anything like C++ references?
intentionally at blank.co.uk
Tue Jul 15 04:06:14 CEST 2003
On Mon, 14 Jul 2003 06:28:09 GMT, "Bryan" <belred1 at yahoo.com> wrote:
>"Stephen Horne" <intentionally at blank.co.uk> wrote in message
>news:rp94hvc8fg6h91oe7ctqq9jn9ku3nlud1k at 4ax.com...
>> On Sun, 13 Jul 2003 22:42:21 GMT, "Bryan" <belred1 at yahoo.com> wrote:
>> >> 3. Why is there no way to reference an immutable object via a
>> >> pointer, other than stuffing it into a mutable object designed for
>> >> some purpose other than simple pointer behaviour?
>> >>>> a = (1, 2, 3)
>> >>>> b = a
>> >>>> id(a)
>> >>>> id(b)
>> >>>> print b
>> >i just referenced an immutable object via a "pointer" and i __did_not__
>> >stuff it into a mutable object as you say.
>> >a and b "point" to the same object.
>> Technically, but what is the point? You can't do pointer-style things
>> with it. You can't change the object in any way without changing the
>> id, and you can't use the mechanism to, for instance, allow 'var'
>can you show what functionality is missing by not being able to do
>"pointer-style things"? here are two variables:
>a = (1, 2, 3)
>b = [1, 2, 3]
>one immutable, one mutable. please show an example of what "pointer-style
>things" you would like to do.
In my view, mutability should be a property of *objects* - not the
same as values, in the pedantic language that has become necessary in
this thread. The existence of mutability shouldn't break the principle
of variables being bound to values.
This is my point. Pointer types are a side issue - something that
becomes necessary (or rather more obviously important) if the
principle of variables being bound to values is respected. This
doesn't mean that Python can't use binding of variables to objects as
an implementation, but that implementation shouldn't be visible
(except for performance, and for operations that explicitly deal with
objects rather than values) in the results.
Starting from your example, I'd want to see results like this...
>>> a = [1, 2, 3]
>>> b = a
>>> c = (1, 2, 3)
>>> d = c
>>> b = 4
[1, 2, 3]
[1, 2, 4]
>>> d = 4
Traceback (most recent call last):
File "<stdin>", line 8, in ?
TypeError: object doesn't support item assignment
Having done this, mutable objects could not be abused to give
pointer-style functionality (a fact of life at the moment) so the need
for real explicit pointers should become obvious.
>i've read this entire thread so far, and from a practical point of view
>(because that's all i really care about and what pays the bills), i really
>don't understand what the problem is. personally, i don't care about the
>strict definitions of computer science terms and what "variable" or
>"pointer" means. i do care about how fast problems can be solved, how much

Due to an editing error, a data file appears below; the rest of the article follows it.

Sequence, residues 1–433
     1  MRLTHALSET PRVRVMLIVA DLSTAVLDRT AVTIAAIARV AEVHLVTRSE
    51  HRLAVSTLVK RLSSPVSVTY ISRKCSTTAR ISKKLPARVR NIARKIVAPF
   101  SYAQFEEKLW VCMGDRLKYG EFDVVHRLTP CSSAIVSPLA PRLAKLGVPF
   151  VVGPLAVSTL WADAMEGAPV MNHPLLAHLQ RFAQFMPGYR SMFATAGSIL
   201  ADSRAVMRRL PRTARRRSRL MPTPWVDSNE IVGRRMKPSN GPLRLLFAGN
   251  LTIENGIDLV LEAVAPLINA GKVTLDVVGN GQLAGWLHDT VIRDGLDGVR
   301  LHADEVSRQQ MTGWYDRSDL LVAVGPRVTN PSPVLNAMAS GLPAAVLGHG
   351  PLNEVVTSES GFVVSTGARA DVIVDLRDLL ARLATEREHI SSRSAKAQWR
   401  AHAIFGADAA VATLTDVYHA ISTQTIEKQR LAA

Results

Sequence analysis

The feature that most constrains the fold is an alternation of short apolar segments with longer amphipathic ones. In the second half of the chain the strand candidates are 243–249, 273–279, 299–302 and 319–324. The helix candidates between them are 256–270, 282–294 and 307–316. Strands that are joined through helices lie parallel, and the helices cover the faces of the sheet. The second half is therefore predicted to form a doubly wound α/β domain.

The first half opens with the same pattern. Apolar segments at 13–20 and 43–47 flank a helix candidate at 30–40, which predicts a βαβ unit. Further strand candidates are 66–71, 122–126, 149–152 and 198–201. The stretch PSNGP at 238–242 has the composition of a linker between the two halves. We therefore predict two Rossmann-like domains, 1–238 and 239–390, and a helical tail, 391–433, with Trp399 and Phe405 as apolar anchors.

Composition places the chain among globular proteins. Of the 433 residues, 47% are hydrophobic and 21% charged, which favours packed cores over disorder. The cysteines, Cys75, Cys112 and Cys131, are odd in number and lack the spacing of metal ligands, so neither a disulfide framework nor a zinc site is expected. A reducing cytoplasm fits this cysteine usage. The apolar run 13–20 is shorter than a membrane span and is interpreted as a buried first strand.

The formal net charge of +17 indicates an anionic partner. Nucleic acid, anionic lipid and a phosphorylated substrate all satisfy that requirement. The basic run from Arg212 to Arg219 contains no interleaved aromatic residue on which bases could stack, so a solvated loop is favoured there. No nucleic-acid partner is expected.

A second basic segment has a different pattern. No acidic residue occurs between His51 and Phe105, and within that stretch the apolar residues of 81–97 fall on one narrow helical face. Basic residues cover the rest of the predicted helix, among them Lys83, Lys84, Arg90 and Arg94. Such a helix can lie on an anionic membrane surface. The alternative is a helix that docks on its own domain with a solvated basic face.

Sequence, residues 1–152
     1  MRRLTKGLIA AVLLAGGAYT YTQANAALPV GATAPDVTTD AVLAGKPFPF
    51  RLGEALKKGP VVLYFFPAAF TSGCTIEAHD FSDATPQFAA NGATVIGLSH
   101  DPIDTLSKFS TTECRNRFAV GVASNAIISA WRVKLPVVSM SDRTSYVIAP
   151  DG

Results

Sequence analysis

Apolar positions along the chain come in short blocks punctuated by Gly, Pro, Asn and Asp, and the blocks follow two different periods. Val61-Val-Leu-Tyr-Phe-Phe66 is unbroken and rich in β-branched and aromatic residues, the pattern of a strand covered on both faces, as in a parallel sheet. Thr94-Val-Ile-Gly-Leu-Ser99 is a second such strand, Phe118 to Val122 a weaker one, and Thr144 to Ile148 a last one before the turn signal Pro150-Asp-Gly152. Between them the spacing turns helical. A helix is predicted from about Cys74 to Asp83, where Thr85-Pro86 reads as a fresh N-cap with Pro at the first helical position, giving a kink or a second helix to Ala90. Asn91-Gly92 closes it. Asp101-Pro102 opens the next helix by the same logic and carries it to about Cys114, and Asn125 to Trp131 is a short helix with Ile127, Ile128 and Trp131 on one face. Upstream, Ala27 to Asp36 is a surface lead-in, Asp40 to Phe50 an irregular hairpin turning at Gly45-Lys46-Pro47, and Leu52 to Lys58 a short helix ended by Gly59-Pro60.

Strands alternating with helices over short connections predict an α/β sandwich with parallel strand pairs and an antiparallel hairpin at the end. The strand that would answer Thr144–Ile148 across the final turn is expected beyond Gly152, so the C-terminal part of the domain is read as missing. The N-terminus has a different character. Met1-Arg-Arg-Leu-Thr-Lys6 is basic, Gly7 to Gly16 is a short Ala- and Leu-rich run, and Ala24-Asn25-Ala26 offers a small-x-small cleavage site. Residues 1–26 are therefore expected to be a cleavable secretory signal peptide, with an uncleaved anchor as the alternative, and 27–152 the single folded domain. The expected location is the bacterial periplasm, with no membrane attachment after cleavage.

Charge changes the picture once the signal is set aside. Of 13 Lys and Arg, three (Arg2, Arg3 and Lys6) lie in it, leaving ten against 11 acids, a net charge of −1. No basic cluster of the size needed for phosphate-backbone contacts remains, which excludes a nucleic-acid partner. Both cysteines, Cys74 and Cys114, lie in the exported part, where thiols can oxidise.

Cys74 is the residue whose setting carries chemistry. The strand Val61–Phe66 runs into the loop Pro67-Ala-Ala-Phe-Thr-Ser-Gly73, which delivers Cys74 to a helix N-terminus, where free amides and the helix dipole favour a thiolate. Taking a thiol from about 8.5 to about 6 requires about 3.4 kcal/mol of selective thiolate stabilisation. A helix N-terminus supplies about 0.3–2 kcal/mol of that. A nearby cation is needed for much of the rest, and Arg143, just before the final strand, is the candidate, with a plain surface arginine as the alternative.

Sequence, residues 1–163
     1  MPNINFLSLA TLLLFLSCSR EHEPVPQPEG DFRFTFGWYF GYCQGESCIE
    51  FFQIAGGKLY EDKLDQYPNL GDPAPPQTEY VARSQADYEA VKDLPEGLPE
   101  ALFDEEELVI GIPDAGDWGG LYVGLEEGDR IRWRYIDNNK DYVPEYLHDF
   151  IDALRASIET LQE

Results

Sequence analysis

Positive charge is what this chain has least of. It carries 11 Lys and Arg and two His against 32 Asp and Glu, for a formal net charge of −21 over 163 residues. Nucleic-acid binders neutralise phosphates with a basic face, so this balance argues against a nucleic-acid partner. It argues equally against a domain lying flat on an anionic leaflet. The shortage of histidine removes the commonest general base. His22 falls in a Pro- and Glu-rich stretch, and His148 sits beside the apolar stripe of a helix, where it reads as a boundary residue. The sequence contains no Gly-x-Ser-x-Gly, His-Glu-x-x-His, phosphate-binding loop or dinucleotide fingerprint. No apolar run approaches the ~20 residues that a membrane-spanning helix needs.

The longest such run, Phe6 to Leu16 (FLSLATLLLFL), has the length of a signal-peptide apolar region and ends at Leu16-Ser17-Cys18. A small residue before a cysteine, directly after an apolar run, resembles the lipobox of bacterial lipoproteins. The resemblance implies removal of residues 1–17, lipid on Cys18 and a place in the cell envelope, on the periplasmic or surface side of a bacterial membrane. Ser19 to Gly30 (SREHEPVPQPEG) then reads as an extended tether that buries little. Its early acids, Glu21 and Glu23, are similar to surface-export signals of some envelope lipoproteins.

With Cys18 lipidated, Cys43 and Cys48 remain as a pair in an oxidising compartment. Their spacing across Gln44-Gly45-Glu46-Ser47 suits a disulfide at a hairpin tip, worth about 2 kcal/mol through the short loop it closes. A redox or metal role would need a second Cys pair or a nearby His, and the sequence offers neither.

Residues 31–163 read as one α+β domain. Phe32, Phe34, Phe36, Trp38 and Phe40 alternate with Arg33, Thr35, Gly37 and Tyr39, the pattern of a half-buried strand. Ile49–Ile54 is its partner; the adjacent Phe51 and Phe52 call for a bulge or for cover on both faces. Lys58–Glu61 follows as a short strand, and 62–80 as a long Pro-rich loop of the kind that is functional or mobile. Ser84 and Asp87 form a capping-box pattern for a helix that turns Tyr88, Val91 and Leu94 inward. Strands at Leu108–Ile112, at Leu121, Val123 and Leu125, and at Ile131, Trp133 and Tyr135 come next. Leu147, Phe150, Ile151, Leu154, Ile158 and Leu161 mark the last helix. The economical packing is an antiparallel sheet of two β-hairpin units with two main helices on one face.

>resources must be involved in solving that problem, and how much money can
>be made/saved. for me, python is a winner in all this area. not having
>pointers like c/c++ is such a blessing. i can't believe anyone would even
>suggest that pointers and/or doing things with pointers be brought into
>python. ok... one more time... let's bring this conversation down to
>something practical. please show an example of pointer-style functionality
>in any language that is missing/awkward/complicated in python. i'm not an
>expert in python, i'm just very curious to understand what the true
>practical issue is.
There is none that is currently missing because mutable objects can be
abused to create the required effect. If Python respected the concept
of variables being bound to values, though, that wouldn't be true.
You wouldn't be able to write...
>>> def f(x) :
... x += 1
>>> a = 
Or rather you could, but you'd get...
So instead of abusing lists, you'd have to use an explicit pointer
>>> def f(x) :
... *x += 1
>>> a = 1
Note - in many cases, you could return multiple values and avoid the
need for pointers. That wouldn't be the case, however, for objects
which don't support copying.
It *might* be possible to pass such an object directly into a function
(depending on how the variable-to-value binding is implemented) but
modifying the parameter would require that it binds to a new object -
a copy of the original object - to prevent the mutation of the callers
variables. Passing the parameter and returning it *might* be
acceptable, but modifying it within the function would require copying
of the object.
As there are a number of important object types that don't (and
shouldn't) support copying, this wouldn't be a trivial concern.
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